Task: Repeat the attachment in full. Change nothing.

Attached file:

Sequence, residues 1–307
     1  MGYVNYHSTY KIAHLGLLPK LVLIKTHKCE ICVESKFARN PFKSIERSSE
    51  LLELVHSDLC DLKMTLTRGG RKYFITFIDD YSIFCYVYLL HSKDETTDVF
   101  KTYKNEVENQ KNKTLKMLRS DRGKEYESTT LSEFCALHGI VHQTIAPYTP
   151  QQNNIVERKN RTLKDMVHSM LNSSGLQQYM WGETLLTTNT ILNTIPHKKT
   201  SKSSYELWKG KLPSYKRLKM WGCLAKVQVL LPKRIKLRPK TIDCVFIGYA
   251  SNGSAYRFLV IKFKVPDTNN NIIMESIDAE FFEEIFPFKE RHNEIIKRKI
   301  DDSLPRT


Sequence, residues 1–307
     1  MGYVNYHSTY KIAHLGLLPK LVLIKTHKCE ICVESKFARN PFKSIERSSE
    51  LLELVHSDLC DLKMTLTRGG RKYFITFIDD YSIFCYVYLL HSKDETTDVF
   101  KTYKNEVENQ KNKTLKMLRS DRGKEYESTT LSEFCALHGI VHQTIAPYTP
   151  QQNNIVERKN RTLKDMVHSM LNSSGLQQYM WGETLLTTNT ILNTIPHKKT
   201  SKSSYELWKG KLPSYKRLKM WGCLAKVQVL LPKRIKLRPK TIDCVFIGYA
   251  SNGSAYRFLV IKFKVPDTNN NIIMESIDAE FFEEIFPFKE RHNEIIKRKI
   301  DDSLPRT